"Young Fives" may be old enough for kindergarten, but are they developmentally ready?
It was a classic case: a five-year-old boy with a summer birthday. Born just eight weeks before his state’s kindergarten cutoff date, his academic skills and physical abilities were on par with those of his peers. But was he socially and emotionally ready for kindergarten?
As a teacher — and, I confess, as that little boy’s mom — I understand both sides of the issue. Across the United States, many parents of “young fives” have opted to delay their child’s kindergarten start, even if the child is age eligible. To address the needs of these children, some districts are offering transitional kindergarten (TK) classes, which promote positive socialization, hands-on learning, and emergent literacy. But there’s also an ample amount of play time. After a year of TK, children either go on to a year of regular kindergarten or on to first grade, depending on their readiness.
While the popularity of TK waned in the 1990s, educators are again seeing an increase in such classes — a rise likely due to both increased academic pressures in kindergarten and an effort to meet children’s developmental needs.
Across the United States, September 1 is the most common date by which children need to turn five in order to start kindergarten. However, this can vary significantly by state; in Indiana the cutoff is July 1, but in California it’s December 2.
This means that some children may start kindergarten before their fifth birthday. The challenges these kids face may not be just with their reading readiness and math skills. As any kindergarten teacher can tell you, kids may struggle with fine or gross motor movement, adequate social skills, or making it through a full day of school.
For these reasons, about 10 percent of U.S. parents delay their child’s kindergarten start by a year, and boys are delayed nearly twice as much.
The Gift of Time
Elizabeth Lunday agonized about whether to enroll her son in a transitional kindergarten near their home in Fort Worth, Texas. “He had some language delays when he was younger,” she says. “As a result, he really withdrew socially from other children.” While that had been corrected through speech therapy, Lunday was concerned that her son’s introverted nature would make kindergarten difficult for him. In the end, she opted to enroll him in a TK program at University Christian Church Weekday School. “In talking to other parents,” she says, “I heard several say ‘I wish I had held my child back,’ but no one ever said ‘I wish I hadn’t done it.’”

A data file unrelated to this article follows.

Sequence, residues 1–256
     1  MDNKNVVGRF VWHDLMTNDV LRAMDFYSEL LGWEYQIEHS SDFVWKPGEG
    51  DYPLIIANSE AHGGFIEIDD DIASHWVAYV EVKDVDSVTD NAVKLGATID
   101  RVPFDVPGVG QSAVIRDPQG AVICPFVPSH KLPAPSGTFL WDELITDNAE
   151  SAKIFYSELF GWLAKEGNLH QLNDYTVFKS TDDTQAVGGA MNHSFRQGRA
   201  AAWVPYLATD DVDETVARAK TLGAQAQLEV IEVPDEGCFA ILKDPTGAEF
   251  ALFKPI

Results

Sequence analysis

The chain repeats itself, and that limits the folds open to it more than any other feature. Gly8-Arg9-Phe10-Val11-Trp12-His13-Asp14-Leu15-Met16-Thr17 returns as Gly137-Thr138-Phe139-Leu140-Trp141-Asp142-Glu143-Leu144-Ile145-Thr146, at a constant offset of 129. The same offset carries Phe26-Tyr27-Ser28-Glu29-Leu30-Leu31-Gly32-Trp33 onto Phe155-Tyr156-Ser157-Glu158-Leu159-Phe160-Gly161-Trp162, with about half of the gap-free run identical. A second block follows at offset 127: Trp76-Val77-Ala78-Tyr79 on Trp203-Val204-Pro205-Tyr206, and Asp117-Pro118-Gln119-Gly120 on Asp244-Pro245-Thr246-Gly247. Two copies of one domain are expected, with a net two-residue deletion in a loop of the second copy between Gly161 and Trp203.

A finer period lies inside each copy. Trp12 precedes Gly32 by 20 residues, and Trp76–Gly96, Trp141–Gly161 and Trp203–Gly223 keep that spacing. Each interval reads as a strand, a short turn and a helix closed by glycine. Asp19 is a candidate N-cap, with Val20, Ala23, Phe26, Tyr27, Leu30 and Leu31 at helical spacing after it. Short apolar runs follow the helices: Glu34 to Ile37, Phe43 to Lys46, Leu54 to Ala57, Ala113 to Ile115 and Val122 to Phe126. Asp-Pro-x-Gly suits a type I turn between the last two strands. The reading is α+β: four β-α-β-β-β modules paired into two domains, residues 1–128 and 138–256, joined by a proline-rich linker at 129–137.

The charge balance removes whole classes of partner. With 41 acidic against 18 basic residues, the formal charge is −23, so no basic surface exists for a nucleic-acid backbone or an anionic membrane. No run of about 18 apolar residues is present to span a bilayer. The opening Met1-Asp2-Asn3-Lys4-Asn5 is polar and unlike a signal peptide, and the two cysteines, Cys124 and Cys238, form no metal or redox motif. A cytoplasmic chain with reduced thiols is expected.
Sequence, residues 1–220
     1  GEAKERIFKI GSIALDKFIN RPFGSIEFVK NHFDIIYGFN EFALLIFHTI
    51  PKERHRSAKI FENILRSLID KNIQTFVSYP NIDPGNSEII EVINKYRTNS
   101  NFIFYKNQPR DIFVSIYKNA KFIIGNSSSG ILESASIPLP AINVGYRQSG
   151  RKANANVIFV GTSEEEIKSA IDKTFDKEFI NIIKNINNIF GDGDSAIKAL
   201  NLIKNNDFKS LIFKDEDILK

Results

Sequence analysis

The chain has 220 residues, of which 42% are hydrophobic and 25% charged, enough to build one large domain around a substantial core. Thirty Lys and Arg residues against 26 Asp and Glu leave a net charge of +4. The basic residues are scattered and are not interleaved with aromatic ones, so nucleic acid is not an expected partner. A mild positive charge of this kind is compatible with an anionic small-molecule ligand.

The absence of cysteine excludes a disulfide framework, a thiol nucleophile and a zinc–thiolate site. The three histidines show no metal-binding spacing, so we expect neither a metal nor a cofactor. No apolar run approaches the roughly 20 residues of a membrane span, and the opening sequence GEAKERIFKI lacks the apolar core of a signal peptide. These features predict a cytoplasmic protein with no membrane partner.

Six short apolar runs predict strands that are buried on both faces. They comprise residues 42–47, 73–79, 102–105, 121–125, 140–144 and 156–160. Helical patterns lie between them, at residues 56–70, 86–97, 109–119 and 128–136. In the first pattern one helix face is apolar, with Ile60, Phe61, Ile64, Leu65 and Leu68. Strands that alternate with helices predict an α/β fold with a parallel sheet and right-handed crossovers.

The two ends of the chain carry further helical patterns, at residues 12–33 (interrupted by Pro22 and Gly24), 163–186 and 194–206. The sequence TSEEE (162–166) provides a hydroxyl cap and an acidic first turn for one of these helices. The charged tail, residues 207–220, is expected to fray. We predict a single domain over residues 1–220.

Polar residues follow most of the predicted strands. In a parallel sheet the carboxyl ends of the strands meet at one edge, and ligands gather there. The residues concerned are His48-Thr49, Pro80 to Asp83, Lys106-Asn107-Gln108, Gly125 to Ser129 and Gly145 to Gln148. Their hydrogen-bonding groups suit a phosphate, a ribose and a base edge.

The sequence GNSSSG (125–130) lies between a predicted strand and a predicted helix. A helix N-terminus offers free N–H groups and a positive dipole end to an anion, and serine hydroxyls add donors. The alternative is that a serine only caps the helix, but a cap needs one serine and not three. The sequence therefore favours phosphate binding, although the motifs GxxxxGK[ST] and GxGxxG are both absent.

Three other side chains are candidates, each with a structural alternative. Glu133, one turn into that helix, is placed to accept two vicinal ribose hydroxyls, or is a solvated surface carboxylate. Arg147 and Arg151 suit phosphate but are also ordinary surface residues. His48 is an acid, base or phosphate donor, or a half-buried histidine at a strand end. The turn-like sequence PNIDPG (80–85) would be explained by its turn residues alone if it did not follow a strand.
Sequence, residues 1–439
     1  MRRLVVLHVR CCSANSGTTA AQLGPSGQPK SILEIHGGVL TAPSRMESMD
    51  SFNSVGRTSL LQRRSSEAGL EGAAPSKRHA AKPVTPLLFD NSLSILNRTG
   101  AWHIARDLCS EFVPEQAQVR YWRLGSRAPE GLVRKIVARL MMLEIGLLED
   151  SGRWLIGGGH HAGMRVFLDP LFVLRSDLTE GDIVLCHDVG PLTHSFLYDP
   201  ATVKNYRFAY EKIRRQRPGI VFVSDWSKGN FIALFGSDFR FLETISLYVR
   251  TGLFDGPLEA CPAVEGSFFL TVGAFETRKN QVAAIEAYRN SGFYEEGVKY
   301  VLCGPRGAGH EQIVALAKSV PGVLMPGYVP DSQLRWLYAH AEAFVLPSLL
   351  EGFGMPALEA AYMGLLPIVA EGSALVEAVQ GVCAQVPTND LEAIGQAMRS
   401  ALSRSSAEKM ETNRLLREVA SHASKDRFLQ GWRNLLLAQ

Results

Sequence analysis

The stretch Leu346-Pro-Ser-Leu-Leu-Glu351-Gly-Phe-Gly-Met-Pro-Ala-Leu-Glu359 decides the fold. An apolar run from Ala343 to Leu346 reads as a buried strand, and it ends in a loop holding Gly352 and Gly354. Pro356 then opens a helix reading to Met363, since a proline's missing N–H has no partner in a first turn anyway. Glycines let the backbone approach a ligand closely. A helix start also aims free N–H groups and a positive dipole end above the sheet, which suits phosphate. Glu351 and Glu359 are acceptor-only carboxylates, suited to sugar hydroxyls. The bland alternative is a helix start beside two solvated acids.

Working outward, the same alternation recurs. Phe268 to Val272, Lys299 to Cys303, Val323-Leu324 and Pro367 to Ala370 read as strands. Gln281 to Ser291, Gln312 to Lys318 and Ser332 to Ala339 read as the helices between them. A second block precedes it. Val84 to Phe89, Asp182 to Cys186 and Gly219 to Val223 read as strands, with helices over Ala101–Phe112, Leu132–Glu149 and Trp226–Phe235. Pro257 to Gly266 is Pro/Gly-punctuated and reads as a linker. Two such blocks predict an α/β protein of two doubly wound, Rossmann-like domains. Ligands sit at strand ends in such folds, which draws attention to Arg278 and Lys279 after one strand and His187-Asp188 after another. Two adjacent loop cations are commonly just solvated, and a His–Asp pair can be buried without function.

From a teacher’s perspective, Amy Weisberg couldn’t agree more. Two years ago, she instituted the first developmental kindergarten program at her school, Topanga Elementary, in California. As a teacher in the state with the second latest cutoff date for kindergarten, she asserts that “those youngest kids just need a place to go.”
Referring to research from the Gesell Institute of Human Development, Weisberg says that it is crucial to recognize the difference between a child’s chronological age and his or her developmental stage. Weisberg also adds, “This can be especially true for boys, who may lag up to six months behind girls at that point.”
In Wisconsin’s McFarland School District, parents can choose between regular kindergarten, transitional kindergarten, and Just Five classes. Now in its seventh year of operation, Just Five is a half-day class for children who aren’t quite ready for a full-day kindergarten class, says teacher Sara Everson.
Both Everson and Weisberg estimate that about half of their students go on to first grade the following year, while the rest opt for another year of kindergarten. By then, many of the children are developmentally ready to tackle the increased academic demands placed on them, and they’ve got the social skills and confidence to be successful.
What the Research Shows
“Many parents and teachers believe that holding kids back will result in higher achievement scores, but any advantage typically disappears by third grade,” says Deborah Stipek, dean and professor of education at Stanford University. “Moreover, there’s variability in children’s skills no matter what the age.”
Stipek authored a 2002 report entitled “At What Age Should Children Enter Kindergarten? A Question for Policy Makers and Parents,” published by the Society for Research in Child Development. In analyzing the research that has been done on the topic, it’s evident that delayed school entry can have a negative impact on low-income and minority children, for whom in-school experiences are critical in closing the achievement gap.
As teachers, we might ask: Is it about making the child ready for school, or about making the school ready for the child?“ In a lot of ways, transitional kindergarten has a more developmental approach that emphasizes the social and emotional needs of children,” says Beth Graue, the author of Ready for What? and a professor of early childhood education at the University of Wisconsin.
A Balancing Act
Remember that little boy I mentioned earlier? Here’s what happened: After poring over the research and talking with his preschool teachers, I made the decision to send him to school when he was age eligible. Cole was one of the youngest in his class; physically, he was tall and coordinated, but socially, it was a different story. I won’t lie — it was a challenge for both me and his teacher. But you know what? This month, he’s starting third grade and he’s absolutely thriving.
Did I make the right choice? I don’t know — but I made the best decision I could have at the time. As parents and teachers, that’s the best we can do.